WASHINGTON — When chef Paul Kennedy first went to work for the Mango Tree chain, about five years ago, the company immediately sent him on a 10-week research trip to Thailand. Hired on a Wednesday, flying to Bangkok on Sunday. He went straight from the airport to a restaurant kitchen, where the first dish he made was som tum, the green papaya salad that is a staple of Thai cooking.

Why that one first? “They wanted me to understand what Thai food is about and how Thai people eat,” he said at the multinational company’s CityCenterDC outpost one day this spring. “It’s all about balance.”

Indeed, the dish is a textbook study in the Thai principles of sour-sweet-salty-spicy, and Kennedy took it all in. At Mango Tree, he used a wooden mortar and pestle he brought from Thailand to lightly bruise the key ingredients, tossing the strips of green papaya with a vibrant dressing just before serving.

In May, Kennedy left Mango Tree. But in true classic style, the som tum is staying right where it is.


Serves 4

1 tablespoon tamarind paste

1/4 cup fresh lime juice

3 tablespoons fish sauce

2 tablespoons palm (or light brown) sugar

1 medium green (unripe) papaya (about 1 1/2 pounds)

1 small Thai bird’s-eye chili pepper

1 clove garlic

2 tablespoons toasted, unsalted peanuts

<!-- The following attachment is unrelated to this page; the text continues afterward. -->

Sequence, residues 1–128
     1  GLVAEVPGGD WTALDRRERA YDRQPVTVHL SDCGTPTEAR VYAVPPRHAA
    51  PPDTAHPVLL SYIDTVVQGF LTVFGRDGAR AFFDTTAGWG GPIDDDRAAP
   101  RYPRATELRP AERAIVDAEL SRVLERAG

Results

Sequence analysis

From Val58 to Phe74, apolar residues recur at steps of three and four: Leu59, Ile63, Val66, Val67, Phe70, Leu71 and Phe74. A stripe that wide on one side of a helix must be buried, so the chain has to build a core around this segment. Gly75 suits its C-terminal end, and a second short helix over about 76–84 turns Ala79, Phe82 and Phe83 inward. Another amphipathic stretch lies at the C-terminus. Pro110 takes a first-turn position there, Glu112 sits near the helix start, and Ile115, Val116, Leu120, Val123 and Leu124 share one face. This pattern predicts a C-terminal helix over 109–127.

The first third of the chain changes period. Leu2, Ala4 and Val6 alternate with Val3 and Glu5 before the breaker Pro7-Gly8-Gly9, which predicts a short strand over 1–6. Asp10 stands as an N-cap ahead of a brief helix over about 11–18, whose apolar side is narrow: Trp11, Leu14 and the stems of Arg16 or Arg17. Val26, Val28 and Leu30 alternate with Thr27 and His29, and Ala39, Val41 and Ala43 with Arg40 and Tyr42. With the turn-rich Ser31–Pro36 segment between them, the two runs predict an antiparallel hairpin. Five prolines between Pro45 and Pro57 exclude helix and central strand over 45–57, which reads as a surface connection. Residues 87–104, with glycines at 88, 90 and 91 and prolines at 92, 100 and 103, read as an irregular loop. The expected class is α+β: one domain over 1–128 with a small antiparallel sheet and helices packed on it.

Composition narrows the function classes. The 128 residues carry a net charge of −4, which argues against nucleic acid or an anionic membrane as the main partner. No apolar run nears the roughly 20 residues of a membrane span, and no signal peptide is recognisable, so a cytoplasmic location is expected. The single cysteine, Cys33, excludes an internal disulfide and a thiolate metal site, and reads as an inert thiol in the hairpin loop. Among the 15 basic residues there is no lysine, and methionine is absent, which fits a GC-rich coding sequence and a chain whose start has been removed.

1 tablespoon dried shrimp

4 Chinese long beans

4 halved cherry tomatoes

1. Whisk together the tamarind paste with 2 tablespoons water in a small saucepan over medium heat, until smooth. Stir in lime juice, fish sauce and sugar. Heat, stirring occasionally, until the sugar dissolves, then remove the dressing from the heat to cool.

2. Use a vegetable peeler to peel the papaya, then continue peeling strips of flesh all over the papaya until you get to the seeds. Discard the peel and seeds; cut the strips lengthwise into 1/4-inch pieces. You’ll use 3 cups of the papaya for the salad; reserve the rest for another use.

3. Use a large mortar and pestle (or a deep bowl and a wooden spoon) to lightly mash together the chili pepper and garlic. Add the peanuts and dried shrimp and mash lightly. Cut the long beans into 1-inch pieces, and add them to the mixture. Barely bruise them. Add the cherry tomatoes, and very lightly mash them.

4. Add the green papaya and toss to incorporate. Add the dressing and continue tossing for 2 minutes, until the ingredients are very well coated and the papaya slightly wilts. Divide among bowls, garnish with sprouts of your choice, if desired, and serve.